Regulators slam brakes on overheated rolling stock industry
By Bai Yuanqi
People's Daily app


China's rail-transit manufacturer behemoth, China Railway Rolling Stock Corporation (CRRC), plans to curb overcapacity in response to central government tightening policies issued last week that track vehicle factories with capacity utilization below 80% are banned from production.

Capacity monitoring systems will be established to rigidly control the production of vehicles, the order said.

China's rail-transit surplus is no secret, and the CRRC is keen to end the drain on profits caused by excess supply, one insider of the CRRC said.

Expanding debt stalls tram plans

Cities in China met with waves of building tram and subway networks following urbanization since 2010.

Two leading manufacturers, CNR and CSR, which later consolidated into CRRC, vied for bids by promising huge investments in local factories and projects. Dozens of mayors signed contracts with them. Small firms followed blindly.

Tram exuberance thus peaked and eventually overheated. CRRC, with annual production surpassing 9,000 cars in its post-acquisition age, struggled to sustain its 10% profit rate, since overcapacity and price wars squeezed margins.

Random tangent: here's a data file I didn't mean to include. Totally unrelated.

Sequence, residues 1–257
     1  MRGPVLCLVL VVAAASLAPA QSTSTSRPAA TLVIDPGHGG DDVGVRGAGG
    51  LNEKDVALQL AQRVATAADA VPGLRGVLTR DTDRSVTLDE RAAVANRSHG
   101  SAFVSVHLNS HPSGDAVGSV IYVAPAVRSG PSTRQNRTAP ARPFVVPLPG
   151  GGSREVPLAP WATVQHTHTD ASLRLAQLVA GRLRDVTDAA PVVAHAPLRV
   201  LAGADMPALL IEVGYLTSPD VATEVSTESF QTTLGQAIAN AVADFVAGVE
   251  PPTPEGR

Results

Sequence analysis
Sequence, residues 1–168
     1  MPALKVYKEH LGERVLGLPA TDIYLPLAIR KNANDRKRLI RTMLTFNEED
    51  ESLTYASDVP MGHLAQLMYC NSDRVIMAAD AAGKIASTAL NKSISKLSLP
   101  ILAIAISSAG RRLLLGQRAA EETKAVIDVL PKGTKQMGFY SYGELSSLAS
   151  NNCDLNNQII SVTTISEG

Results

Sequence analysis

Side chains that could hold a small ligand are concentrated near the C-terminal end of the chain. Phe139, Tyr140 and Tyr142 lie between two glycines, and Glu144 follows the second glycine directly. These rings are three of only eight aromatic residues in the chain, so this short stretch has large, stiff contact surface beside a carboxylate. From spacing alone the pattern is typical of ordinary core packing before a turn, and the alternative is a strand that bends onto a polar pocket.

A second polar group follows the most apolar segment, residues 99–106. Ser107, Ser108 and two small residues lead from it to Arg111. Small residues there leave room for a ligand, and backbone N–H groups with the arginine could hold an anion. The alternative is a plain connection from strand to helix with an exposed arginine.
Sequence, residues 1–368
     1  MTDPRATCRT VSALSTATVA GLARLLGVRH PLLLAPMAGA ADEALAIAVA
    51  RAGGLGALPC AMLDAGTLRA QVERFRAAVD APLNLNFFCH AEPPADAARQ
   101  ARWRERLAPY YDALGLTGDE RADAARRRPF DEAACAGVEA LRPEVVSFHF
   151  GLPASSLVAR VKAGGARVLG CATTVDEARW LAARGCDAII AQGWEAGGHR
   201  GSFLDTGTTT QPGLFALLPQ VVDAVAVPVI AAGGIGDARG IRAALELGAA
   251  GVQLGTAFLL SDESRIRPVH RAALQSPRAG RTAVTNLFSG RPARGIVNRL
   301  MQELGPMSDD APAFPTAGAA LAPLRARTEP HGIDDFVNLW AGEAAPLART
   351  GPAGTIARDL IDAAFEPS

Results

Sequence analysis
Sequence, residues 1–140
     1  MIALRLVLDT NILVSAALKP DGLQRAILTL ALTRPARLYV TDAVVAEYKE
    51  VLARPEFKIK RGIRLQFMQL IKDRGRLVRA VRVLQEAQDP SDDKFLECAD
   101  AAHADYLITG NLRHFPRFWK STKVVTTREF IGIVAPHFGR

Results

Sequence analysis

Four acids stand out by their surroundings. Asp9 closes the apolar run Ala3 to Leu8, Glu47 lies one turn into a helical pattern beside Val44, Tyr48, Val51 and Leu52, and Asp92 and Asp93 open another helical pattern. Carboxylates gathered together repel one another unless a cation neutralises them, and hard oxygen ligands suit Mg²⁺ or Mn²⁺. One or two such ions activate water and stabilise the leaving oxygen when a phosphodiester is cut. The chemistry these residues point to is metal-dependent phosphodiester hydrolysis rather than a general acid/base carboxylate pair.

Despite investment of up to 10 billion yuan ($1.6 billion) in tram and metro infrastructure during this period, the debt-laden company could not produce enough revenue, prodding the government to force it to reform.

Regulations cool the market

Strict regulations were put in place to control the overheating market earlier than expected. Rail-transit plans were disapproved and metro lines curtailed in capital cities such as Xi'an in west China and Wuhan in central China last November. Analysts said that concerns over local government debt accounted for the restrictions.

The head of China's state planner, the National Development and Reform Commission (NDRC), increasingly constrained local efforts in metro development and turned tough on new plans by CRRC in the second half of 2017, the Beijing News reported.

Rules that local authorities must not attract investment through sloppy tram orders will make life hard, yet offer a good chance for the market to get healthier and for firms to strengthen themselves, analysts said.

Doors are locked domestically, nonetheless windows for rail-transit firms to go abroad have been opened by China's foreign strategies like the Belt and Road initiative. Lahore, the second biggest city in Pakistan, opened its first underground line as a part of a joint Sino-Pakistan infrastructure project last October.